'Rocco has lost everything his father built'

Granada raid: Forte senior grieves as pounds 3.8bn bid ensures son lose s the family hotel and leisure chain that was lifetime's work
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The Independent Online

"It takes a lot of courage to blame oneself when things go wrong. An unsuccessful person often blames everyone except the real culprit - himself." So wrote Lord Forte in the final chapter of his autobiography, Forte, published in 1986. Brave words, but, at the time, meaningless.

Then, Forte plc, the multi-million-pound hotel and restaurant company he had built single-handedly over five decades and wished to see expand under the leadership of his son and heir, Sir Rocco, had occasionally faltered but it had never fallen.

Now, though, after a life-time's work - he is 87 - Lord Forte's dream is over. Granada, the television and leisure giant, has succeeded in its pounds 3.8bn hostile takeover bid, ending 50 years of independence. Nobody other than those who know him can possibly imagine the scale of the old man's grief.

Friends say he is bound to summon a family gathering, either at his Belgravia home or his Surrey mansion pretty promptly. They believe he is unlikely to wait until the habitual family lunch on Sunday, at which he still sits at the head of a vast dining room table.

"It will be absolutely awful," said one who knows the family well. "There will be a huge Italian explosion. Poor Rocco will have completely lost face. It is going to be ghastly."

If the scenario sounds absurdly like the plot of one of Al Pacino's films, one should remember that the story of the Fortes' rise to prominence was not itself far off a rags-to-riches fairytale.

Charles Forte was born to a peasant family in the hamlet of Monforte, in Italy. They emigrated, moving to what was formerly Clackmannanshire in Scotland where the young Forte had to engage in playground fist-fights in order to win friends at the local school. His father took over an ice-cream parlour cum cafe, known as the Savoy - a very far cry from the hotel group he was later to take a stake in.

But the young Charles had a shrewd grasp of figures. Working on the principle that if one cafe could make a profit of Y from an investment of X then there was no reason not to build a chain on the same X:Y ratio, he bought first one "milk bar" in Regent Street in the west End of London, and then another and another.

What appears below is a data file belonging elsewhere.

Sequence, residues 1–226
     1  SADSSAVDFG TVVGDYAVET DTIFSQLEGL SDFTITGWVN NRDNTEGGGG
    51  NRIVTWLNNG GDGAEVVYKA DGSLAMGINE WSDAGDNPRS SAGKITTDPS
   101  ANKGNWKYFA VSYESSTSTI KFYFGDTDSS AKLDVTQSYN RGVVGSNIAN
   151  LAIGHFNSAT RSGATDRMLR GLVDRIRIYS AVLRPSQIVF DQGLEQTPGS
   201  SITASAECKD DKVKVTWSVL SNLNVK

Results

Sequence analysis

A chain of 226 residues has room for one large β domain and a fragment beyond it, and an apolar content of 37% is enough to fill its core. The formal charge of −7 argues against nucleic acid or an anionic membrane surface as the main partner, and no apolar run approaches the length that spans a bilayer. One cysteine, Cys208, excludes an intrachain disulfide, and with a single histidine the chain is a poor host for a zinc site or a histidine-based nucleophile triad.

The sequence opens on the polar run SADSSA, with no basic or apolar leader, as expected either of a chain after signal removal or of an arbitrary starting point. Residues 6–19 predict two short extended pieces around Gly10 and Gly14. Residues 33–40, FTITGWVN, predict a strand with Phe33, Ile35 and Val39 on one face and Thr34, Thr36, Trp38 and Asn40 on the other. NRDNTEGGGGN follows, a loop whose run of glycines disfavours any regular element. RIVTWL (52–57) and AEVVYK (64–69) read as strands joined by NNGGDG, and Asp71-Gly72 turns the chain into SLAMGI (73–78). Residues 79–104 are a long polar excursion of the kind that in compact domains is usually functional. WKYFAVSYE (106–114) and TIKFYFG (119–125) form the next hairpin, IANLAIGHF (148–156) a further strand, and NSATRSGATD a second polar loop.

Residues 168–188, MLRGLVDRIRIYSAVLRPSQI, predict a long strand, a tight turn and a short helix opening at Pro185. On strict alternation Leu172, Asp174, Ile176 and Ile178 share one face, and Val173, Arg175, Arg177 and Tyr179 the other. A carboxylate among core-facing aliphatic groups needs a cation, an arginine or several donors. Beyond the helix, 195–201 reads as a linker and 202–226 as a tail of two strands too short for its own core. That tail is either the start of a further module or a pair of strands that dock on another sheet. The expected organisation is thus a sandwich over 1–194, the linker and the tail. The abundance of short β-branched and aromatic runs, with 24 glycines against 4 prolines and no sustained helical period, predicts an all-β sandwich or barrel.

"His real talent", says one person who worked for him "was that he could spot an undervalued property instantly."

But relative business success, Forte soon realised, was not sufficient to succeed in Britain. Even after he had merged with the Trusthouse group - the manoeuvre that was to launch him into the league of super-rich industrialists - fought off a hostile bid from Allied Lyons and managed to take the whole company over by 1973, he still could not shake off the City's derogatory tag "the Milk Bar King."

Forte hated being a misfit in a snob-ridden society more than anything else. "In this country," he wrote "I believe that we are far too pushed around by an articulate minority."

Trusthouse Forte, which in 1973 was valued at pounds 23m, therefore, contained one major problem for Forte - its image. It was a middle-market chain, comprised of unluxurious hotels and a plebian clientele. Forte wanted class; he wanted the Savoy. "Mention the Savoy anywhere," he has sighed openly and nostalgically to reporters in these past few fraught weeks, "It's the name, the Savoy."

But in the Eighties when he launched his bid for it there were many, including the Savoy's former chairman Sir Hugh Wontner, who thought his ambitions deluded. "Everybody knew that the Fortes simply did not understand the concept of luxury," says a City source. "Everybody" it seems, were right.

Despite an increasingly strong personal friendship with the Tory establishment - Forte had instant access to Baroness Thatcher and her Tory aides, Sir Charles Powell and the late Lord Thorneycroft - (who became president of the THF board) - he never gained total control of the Savoy. By 1994 he owned 68 per cent of the shares but only 42 per cent of the votes.